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How the government changed policy on NHS cleaners and carers after Ben Kentish's question
21 May 2020, 11:45 | Updated: 21 May 2020, 14:05
James O'Brien congratulated LBC's Ben Kentish on persuading the government to change their policy on support for the families of NHS workers who die from coronavirus.
NHS porters, cleaners and social care staff had been excluded from the Home Office scheme, granting families of health workers indefinite leave to remain in the UK if they die of Covid-19.
James O'Brien was shocked by the decision, delivering a furious monologue on his show in which he struggled to keep his emotions in check.
He said: "In the United Kingdom in 2020, you die as a result of your work in the Health Service and the Home Secretary tells your grieving family that there is a scheme for families of workers who died, but your mum doesn't qualify because she was just a cleaner. Your dad doesn't qualify because he was just a care worker."
LBC's Westminster Correspondent Ben Kentish then followed it up in the Downing Street press conference, asking Culture Secretary Oliver Dowden why carers and cleaners have been left out of the scheme.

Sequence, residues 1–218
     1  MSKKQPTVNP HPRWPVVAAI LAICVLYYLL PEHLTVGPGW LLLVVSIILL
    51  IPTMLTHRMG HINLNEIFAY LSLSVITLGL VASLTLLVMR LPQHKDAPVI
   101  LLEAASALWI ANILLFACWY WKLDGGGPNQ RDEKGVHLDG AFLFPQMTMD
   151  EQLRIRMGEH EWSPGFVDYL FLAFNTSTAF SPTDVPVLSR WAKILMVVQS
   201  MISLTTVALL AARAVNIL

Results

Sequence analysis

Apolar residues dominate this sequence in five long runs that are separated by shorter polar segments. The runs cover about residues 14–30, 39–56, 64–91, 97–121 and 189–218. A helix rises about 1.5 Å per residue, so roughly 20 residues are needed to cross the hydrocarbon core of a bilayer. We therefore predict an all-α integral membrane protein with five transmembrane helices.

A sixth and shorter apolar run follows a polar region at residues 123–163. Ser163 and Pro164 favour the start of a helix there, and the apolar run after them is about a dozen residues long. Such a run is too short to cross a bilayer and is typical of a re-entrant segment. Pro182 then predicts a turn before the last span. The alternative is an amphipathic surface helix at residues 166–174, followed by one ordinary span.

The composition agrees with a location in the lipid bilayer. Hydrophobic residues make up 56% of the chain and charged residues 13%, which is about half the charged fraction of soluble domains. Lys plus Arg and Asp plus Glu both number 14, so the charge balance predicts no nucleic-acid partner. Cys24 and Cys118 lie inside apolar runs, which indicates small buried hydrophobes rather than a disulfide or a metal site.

Mr Dowden responded that the policy would be kept under review.
Just 32 minutes after the end of the press conference, the Home Office announced they were extending the scheme to all NHS support staff.
We are extending the bereavement scheme to NHS support staff & social care workers - effective immediately and retrospectively.— Priti Patel (@pritipatel) May 20, 2020
This is a very complex issue we have been working through at pace.
Rest assured, all families will have the support they need during this tragic time.
Home Secretary Priti Patel said: "Every death in this crisis is a tragedy, and sadly some NHS support staff and social care workers have made the ultimate sacrifice in the pursuit of saving the lives of others.
"When I announced the introduction of the bereavement scheme in April, I said we would continue to work across government to look at ways to offer further support. Today we are extending the scheme to NHS support staff and social care workers.
"We want to ensure families have the support they need and so this will be effective immediately and retrospectively."
Ben told James that it was both his monologue and this remarkable video from Hassan Akkad which made him decide to ask that particular question.
Hassan is a BAFTA Award-winning film-maker, who came to Britain from Syria. Just as the coronavirus crisis hit the UK, he decided to help out by getting a job as a cleaner in a London hospital.
His video saying how he felt betrayed by the Home Office decision was viewed by almost 4 million people on Twitter.